Winter is coming and with it comes the cost of heating your home. The internet is full of ideas for saving money on energy costs, but they can be expensive. Many major renovation projects are not worth the expense to make a home more energy efficient. However, there are other ways to lower your heating costs. You can save money on your energy bills without the costs skyrocketing. Here are our top 9 tips to say goodbye to shocking heating bills.

  1. Bundle up
  • Wear warm clothes, put on socks and plush slippers. Wearing warm clothes indoors doesn’t cost you anything and so you can keep the temperature in your home a few degrees cooler and save a lot of money.
  • Keep a soft, warm blanket on the sofa to cover up with while you watch TV, read or chat with friends. Blankets bring warmth and a spark of color to your home.
  1. Bundle up your home
  • Not all exterior doors and windows are winterized. Use plastic to cover unused windows and doors. Stores like Walmart, Home Depot and Lowes have window covers that you can buy for as little as $7 to $12 per window. Door kits can be slightly more expensive and can cost between $20 and $100. Some hardware stores stock them, but you can also find them through online suppliers. Some kits even have built-in zippers for occasional use.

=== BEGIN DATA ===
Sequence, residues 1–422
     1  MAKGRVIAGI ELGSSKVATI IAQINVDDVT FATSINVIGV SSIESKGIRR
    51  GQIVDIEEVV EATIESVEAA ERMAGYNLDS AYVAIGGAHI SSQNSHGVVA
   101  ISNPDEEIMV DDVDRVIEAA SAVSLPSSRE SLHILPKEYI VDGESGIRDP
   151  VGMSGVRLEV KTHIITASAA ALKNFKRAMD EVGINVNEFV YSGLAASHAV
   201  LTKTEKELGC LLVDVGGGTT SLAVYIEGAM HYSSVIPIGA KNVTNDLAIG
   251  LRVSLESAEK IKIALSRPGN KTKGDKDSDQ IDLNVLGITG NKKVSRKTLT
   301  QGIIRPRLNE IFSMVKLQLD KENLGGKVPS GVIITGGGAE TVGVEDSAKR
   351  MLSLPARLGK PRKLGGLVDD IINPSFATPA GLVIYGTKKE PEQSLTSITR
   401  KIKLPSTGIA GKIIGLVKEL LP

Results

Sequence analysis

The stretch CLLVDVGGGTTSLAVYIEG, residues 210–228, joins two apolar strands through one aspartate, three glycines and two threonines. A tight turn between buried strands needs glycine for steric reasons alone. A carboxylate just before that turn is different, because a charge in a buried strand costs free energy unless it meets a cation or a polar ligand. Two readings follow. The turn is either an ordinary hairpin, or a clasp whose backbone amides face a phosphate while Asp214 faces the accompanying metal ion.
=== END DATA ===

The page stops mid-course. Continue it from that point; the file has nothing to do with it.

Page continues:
• These coverings will stop drafts and help keep your home warm. If you can’t afford kits or plastic wrap, you can try hanging blankets instead.
  1. Lower the temperature
  • When you are away from your home and when you are tucked away in bed, consider turning the thermostat down. Some smart thermostats can be programmed to automatically turn on and off to fit around your schedule. The cost of a smart thermostat varies by manufacturer but expect at least $130 plus installation. If you do not have a smart thermostat, you can also adjust the thermostat manually (and for free).
  • When lowering the temperature, remember to keep your plumbing warm so pipes don’t expand and burst. Consider lowering the temperature to 60 degrees at night and when you are away. recommends keeping the room temperature between 60- and 67-degrees Fahrenheit for better sleep. They also recommend a temperature of 65 to 70 degrees for babies and young children to help them sleep through the night.